I used to believe that a PreparedStatement's efficiency benefit could be realized only if it was prepared once (incurring the overhead of preparing the statement) and then re-used, like this:But I recently read something (can't remember now) that made it sound like you would still get the efficiency benefits even if you create the ps every time you use it, like this:So even though I'm creating a new instance of a ps, the Connection is smart enough to realize that it already prepared that statement before and not incur the overhead of preparing the statement again.
Is that correct? Does the statement caching occur at an even lower level? i.e. if I'm using connection pooling (so a different connection may be used each time the ps is created), is the statement cached at the db level and available for any Connection to take advantage of it? Like in this example:
BTW - I realize there are additional benefits/reasons for using PreparedStatement (like proper quote escaping).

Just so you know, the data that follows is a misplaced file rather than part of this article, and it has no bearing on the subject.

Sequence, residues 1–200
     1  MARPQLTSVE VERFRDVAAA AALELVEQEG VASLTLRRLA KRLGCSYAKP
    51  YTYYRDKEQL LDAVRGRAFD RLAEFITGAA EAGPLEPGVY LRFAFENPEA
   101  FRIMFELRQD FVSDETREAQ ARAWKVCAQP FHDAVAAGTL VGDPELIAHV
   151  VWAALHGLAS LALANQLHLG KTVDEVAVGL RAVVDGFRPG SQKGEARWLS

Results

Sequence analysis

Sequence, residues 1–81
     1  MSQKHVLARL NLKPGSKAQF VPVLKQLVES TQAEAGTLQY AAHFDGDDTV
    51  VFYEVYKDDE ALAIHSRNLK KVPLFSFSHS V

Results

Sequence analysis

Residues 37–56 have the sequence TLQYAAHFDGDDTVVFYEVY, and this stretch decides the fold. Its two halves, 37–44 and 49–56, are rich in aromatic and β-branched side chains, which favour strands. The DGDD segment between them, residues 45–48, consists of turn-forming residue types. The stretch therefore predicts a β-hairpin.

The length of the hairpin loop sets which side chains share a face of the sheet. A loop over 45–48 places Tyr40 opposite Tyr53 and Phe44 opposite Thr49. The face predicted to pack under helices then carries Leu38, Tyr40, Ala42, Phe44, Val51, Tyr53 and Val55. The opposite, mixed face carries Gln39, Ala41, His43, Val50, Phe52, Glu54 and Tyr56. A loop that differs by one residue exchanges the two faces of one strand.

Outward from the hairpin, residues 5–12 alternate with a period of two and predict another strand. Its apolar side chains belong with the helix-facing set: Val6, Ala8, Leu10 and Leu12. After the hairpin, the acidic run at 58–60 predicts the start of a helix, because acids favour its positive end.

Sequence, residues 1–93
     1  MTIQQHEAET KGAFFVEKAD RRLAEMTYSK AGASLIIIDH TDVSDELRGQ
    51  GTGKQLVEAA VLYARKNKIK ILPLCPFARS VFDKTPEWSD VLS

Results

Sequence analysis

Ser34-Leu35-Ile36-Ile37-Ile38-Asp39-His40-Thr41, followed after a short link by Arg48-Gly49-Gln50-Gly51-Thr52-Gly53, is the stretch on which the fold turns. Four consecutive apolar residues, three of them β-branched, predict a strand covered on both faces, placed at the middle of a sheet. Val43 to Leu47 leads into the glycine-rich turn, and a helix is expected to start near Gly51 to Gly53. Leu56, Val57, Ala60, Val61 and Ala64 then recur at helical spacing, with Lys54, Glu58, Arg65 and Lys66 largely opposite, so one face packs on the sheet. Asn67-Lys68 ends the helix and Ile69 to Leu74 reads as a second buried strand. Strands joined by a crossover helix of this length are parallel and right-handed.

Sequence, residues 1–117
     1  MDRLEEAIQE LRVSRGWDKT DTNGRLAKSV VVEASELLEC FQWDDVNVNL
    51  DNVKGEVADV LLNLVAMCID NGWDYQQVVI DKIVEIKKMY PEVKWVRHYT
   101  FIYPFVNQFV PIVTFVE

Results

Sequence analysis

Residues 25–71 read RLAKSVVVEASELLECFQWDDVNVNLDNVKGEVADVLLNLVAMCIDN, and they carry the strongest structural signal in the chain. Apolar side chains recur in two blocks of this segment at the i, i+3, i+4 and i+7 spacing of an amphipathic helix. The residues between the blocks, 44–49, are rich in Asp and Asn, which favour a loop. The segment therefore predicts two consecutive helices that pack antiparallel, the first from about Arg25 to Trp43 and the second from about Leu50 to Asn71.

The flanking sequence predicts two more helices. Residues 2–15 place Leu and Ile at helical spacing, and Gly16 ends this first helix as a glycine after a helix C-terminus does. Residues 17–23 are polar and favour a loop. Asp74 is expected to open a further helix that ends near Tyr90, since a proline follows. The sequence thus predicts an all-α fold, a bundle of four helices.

Blake Minghelli<br />SCWCD<br /> <br />"I'd put a quote here but I'm a non-conformist"
Yes, many Application Servers (such as WebLogic, WebSphere, and even Commons DBCP) support the notion of a PreparedStatement Cache for their Connection Pools so that you still get a performance enhancement even if you "create" the PreparedStatement each time. Regardless, like you mentioned, even without increased performance there are still compelling reasons to choose PreparedStatements over regular Statements.
Thanks Chris. Let me know if I understand it correctly. The connection given by a connection pool is just a connection wrapper, not a real connection. Connection conn = ds.getConnection(); When an application creates a preparedStatment, connection pool will look up the cache and return the connection which associated with the preparedStatement in the cache. This connection may or may not be the same as the connection above.